If there ever was a more perfect venue for Lord Huron to offer up their haunting, vintage-rock love songs it was amongst the colossal stone crypts and tombstone fields of Hollywood Forever Cemetery. Bathed in the ghostly atmosphere of a blue California dusk, the band were a collection of animated phantoms under the smokey light that illuminated them and the black palms that surrounded them.
Led ever into the void by the manic Ben Schneider and his arresting, soul-lifting crooning, they opened the night with the intro to their latest release Long Lost with the woozy, heartache wailer “Mine Forever” before diving into the anthemic folk-rock driver “Meet Me in the Woods.” In his white jacket with the brown shoulder pads and near iconic choice for a hat (which was sadly removed for the duration of the show but brandished when they first came out), Schneider embodied the supernatural nature that Lord Huron’s music evokes.
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From literally coming face-to-face with mortality in the western-spun tale “Dead Man’s Hand” — which led to the outlines of desert hillsides and green cacti onstage to light-up in neon colors around the band — to the mournful swing of “Wait by the River,” Lord Huron are no strangers to conjuring up death for a good story or song.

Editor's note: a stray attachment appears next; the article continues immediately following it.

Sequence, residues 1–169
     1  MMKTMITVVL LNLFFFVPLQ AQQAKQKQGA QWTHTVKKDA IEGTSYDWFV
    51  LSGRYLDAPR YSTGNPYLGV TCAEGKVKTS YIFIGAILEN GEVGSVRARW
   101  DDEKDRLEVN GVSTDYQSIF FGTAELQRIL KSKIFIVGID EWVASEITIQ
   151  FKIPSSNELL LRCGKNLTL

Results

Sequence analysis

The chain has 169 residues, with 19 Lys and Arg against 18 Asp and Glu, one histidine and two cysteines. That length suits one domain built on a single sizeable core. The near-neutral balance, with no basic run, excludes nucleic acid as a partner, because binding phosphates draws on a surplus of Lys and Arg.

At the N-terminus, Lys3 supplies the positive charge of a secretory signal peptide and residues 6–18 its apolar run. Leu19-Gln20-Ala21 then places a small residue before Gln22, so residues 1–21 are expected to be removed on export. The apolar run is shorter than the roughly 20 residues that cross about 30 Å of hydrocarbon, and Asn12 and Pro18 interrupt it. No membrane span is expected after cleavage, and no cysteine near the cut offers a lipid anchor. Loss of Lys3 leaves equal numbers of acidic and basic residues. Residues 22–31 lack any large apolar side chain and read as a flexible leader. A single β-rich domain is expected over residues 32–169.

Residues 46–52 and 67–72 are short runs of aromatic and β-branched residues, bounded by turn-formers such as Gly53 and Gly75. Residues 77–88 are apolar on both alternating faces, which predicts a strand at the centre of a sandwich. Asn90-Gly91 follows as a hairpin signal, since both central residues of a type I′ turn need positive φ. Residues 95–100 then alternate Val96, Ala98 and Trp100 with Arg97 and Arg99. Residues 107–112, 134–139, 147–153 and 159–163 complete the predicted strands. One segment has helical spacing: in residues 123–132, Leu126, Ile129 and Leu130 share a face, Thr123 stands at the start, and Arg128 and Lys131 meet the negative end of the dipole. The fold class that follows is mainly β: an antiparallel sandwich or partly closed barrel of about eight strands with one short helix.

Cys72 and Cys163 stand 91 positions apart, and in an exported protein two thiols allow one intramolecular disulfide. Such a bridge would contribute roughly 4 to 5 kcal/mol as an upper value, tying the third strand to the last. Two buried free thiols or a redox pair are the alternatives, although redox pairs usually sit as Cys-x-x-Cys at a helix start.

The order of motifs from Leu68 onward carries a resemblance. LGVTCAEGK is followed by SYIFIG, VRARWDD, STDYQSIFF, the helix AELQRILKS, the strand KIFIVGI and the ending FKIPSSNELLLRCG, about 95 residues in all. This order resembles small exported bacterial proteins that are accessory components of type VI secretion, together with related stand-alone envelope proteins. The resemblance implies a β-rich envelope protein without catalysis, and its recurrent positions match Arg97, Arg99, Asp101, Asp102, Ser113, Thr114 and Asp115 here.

But for all their morose dealings with death, Lord Huron remain a kinetic tour-de-force live, playing true to their eclectic genre and decade spanning mixtures of rock. Whether hammering away in ecstatic romance on “La Belle Fleur Sauvage” or pining from the grave in the rockabilly jammer “Fool for Love,” Schneider and company were not shy about reminding fans their songs are meant to be danced to. Even slow-burners like “Love Me Like You Used To,” with its buzzing twang and woeful swinging, are meant to be swayed to with a lover in your arms — corporeal and alive or not.
The night also featured a special moment with opener Allison Ponthier when she joined Lord Huron to sing their duet “I Lied.” Between Schneider’s bleeding heart cries and Ponthier’s euphonious trill, it was a moment that would have elicited tears from both the stoney graves and the long expired bodies within. As opener, Ponthier played songs from her stellar Faking My Own Death EP which included the crystalline-anthem “Cowboy,” a song about an identity crisis turned self-actualization, and the eviscerating introspective lullaby “Harshest Critic.”